Objectives for this sub-step?
|Inject cement evenly and adequately to stabilize fractured vertebral body||Assist surgeon to inject cement||Ensure patient safety|
Who is responsible?
Course of action|
How do you proceed?
|Inject cement slowly under lateral C-Arm guidance||Hand over injection system to surgeon; provide feedback on cement’s time status||Monitoring vital signs|
What decisions do you need to take?
(1) When to apply cement|
(2) Amount of cement to inject
(3) Pressure and speed of injection
(1) Can cement be applied|
(2) How long can cement be applied
|(1) Increase oxygen saturation|
Basis for decisions|
On what base do you take these decisions?
(1) Time since cement was mixed, tactile cement probing (like “chewing gum”), experience;|
(2) Volume of vertebral body, type of fracture;
(3) Leakages, experience
(1) Cement should “curl” instead of falling down|
(2) Depends on type, temperature, and mixing container
|(1) Existing risk factors|
Focus of attention?
|C-arm guidance, cement amount and flow direction, fracture line||Time||Vital signs; signs of reactions to cement|
|X-ray picture, injected amount (in mm2) on syringe||–||Pitch of oxygen saturation|
What feedback do you get?
|No haptic feedback through injection, vital signs from anesthetist||–||–|
Tools and equipment in use?
|Syringe or filler, trocar, C-arm, 2nd monitor||Applicators or syringes||Monitoring devices (ECG, blood pressure, oxygen saturation, temperature)|
What communication is necessary?
|To anesthetist that cement injection starts, to circulating nurse to reposition C-arm, to scrub nurse how long since cement has been mixed||Scrub nurse asks what material is needed for the step “cutaneous suture” (if not already arranged)||To surgeon if vital signs change significantly|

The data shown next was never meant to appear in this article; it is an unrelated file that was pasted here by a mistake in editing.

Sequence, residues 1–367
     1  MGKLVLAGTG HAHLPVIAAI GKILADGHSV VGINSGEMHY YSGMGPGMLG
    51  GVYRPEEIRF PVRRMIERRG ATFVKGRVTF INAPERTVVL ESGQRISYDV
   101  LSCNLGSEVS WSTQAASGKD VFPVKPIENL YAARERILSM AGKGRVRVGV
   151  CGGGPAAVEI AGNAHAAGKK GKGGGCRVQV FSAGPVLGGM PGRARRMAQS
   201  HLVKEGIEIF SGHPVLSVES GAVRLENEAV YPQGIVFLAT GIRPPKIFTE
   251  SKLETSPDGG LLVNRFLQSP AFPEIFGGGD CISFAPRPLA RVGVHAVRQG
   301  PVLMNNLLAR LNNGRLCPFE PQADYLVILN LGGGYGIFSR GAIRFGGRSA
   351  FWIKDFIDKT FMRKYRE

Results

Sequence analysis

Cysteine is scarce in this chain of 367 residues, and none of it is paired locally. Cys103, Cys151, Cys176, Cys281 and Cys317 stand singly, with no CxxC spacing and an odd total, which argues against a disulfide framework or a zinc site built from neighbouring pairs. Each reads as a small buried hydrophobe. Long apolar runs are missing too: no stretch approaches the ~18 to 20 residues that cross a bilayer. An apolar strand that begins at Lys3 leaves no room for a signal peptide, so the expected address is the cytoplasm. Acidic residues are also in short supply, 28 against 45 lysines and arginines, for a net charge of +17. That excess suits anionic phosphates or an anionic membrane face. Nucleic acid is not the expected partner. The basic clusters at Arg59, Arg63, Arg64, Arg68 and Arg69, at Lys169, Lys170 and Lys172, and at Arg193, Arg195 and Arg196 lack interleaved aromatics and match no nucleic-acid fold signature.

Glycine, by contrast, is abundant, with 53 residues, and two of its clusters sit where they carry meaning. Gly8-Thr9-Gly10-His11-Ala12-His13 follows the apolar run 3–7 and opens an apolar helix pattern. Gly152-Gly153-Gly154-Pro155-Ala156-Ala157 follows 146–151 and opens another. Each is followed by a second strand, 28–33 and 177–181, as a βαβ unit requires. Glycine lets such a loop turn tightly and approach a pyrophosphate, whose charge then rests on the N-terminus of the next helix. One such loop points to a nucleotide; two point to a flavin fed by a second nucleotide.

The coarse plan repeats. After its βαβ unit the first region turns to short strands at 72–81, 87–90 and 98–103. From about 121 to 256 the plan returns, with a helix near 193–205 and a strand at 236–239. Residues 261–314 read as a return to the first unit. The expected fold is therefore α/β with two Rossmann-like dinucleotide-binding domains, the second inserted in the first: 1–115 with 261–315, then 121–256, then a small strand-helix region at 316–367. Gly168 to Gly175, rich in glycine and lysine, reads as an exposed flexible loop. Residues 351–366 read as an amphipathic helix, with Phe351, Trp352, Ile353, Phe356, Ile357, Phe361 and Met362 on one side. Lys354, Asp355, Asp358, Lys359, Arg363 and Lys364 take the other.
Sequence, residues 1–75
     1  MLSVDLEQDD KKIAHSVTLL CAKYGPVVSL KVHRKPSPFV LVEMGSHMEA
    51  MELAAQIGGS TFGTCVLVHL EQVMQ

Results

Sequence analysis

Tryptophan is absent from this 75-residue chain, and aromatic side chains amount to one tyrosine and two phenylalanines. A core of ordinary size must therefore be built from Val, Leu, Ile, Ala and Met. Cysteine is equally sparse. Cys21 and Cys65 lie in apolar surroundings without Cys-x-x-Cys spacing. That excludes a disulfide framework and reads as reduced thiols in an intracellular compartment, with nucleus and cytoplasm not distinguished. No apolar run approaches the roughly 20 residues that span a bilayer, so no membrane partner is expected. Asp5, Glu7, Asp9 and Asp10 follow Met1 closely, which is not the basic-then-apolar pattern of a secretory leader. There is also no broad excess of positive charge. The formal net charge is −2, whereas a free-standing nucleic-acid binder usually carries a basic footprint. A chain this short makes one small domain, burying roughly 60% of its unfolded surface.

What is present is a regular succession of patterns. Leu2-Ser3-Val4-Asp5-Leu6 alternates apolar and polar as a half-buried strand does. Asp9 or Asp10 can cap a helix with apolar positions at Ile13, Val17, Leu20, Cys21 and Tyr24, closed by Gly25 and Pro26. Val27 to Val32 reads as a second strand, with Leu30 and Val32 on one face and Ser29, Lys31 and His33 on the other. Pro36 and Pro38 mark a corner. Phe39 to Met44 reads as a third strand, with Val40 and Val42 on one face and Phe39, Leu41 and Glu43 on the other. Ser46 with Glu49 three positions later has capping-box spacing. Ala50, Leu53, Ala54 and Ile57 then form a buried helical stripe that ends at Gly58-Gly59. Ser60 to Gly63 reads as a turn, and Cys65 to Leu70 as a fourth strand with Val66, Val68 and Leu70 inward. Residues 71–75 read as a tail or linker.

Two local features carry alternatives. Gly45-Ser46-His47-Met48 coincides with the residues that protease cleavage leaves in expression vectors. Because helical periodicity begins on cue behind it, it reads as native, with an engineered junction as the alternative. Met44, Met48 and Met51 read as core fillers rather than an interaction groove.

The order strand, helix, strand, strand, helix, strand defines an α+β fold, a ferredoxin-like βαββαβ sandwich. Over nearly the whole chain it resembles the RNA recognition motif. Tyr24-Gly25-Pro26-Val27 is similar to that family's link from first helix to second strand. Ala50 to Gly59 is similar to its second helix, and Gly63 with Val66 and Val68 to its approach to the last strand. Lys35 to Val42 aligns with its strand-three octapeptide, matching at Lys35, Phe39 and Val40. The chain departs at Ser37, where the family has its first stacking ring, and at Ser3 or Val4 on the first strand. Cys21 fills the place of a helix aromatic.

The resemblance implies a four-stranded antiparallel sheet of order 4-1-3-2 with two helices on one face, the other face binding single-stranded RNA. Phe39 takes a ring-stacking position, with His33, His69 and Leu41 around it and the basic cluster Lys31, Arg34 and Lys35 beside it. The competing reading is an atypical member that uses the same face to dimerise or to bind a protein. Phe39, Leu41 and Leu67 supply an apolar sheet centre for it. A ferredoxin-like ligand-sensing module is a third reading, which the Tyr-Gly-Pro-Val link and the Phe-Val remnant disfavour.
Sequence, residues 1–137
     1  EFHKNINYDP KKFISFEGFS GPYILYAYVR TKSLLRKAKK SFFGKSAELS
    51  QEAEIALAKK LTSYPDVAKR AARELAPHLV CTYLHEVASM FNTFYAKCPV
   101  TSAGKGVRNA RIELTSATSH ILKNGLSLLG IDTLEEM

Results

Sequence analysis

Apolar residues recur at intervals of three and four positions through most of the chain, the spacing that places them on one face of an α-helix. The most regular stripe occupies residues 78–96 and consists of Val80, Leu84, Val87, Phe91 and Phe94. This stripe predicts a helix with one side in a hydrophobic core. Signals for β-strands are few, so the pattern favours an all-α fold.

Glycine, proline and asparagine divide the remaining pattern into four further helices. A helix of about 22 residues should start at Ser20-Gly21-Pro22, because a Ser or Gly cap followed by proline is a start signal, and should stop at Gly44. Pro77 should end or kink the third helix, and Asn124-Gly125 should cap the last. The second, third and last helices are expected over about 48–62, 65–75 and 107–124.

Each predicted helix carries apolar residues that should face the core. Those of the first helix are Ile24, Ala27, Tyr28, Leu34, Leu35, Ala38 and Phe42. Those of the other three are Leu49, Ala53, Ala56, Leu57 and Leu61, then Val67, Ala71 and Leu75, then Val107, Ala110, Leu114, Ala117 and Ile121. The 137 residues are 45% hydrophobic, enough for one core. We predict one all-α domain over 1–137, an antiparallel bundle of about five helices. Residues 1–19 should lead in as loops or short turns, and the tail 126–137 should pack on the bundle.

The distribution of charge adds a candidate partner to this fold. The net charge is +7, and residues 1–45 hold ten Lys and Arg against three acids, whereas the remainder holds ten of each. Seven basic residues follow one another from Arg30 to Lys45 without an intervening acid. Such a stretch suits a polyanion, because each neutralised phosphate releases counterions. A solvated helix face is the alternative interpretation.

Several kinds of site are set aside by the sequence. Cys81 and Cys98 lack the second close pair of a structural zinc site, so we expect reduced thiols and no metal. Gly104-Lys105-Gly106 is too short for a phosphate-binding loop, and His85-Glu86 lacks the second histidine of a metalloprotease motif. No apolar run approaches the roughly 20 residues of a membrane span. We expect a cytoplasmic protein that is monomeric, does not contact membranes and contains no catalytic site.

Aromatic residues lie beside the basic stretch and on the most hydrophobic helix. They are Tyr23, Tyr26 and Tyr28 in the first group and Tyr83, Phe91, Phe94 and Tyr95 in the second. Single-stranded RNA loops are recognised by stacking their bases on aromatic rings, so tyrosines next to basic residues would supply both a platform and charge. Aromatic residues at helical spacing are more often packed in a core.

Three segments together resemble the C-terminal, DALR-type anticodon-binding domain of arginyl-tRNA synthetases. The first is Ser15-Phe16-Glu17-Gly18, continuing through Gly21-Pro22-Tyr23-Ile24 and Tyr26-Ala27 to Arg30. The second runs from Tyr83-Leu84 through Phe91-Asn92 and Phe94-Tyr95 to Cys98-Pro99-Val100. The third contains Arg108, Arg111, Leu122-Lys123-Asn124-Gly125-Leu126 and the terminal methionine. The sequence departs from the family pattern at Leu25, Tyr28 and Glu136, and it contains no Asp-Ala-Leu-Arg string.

What coordination takes place?
|Handing of syringe from scrub nurse to surgeon||Handing of syringe from surgeon to scrub nurse; empty syringes into waste||If surgeon needs longer, anesthetist may give medication that supports circulation|
Is this sub step time-sensitive?
|Yes, as cement can only be injected within a limited duration||Yes, cement hardening needs to be monitored||–|
Is this a high-risk sub step?
|Critical phase with higher patient risks||Higher risk||Critical phase with higher patient risks|
Is this action automated?
|Non-automated action||Time has to be monitored actively||–|
What kind of complications could occur?
|Cement leakage into vessels, spinal canal, or intervertebral disk; too much injected cement; pulmonary embolism||–||Blood pressure may fall if surgical stimulus is missing for too long|
Are there any variations to your approach?
|Different types of cement, different cement injection systems||–||–|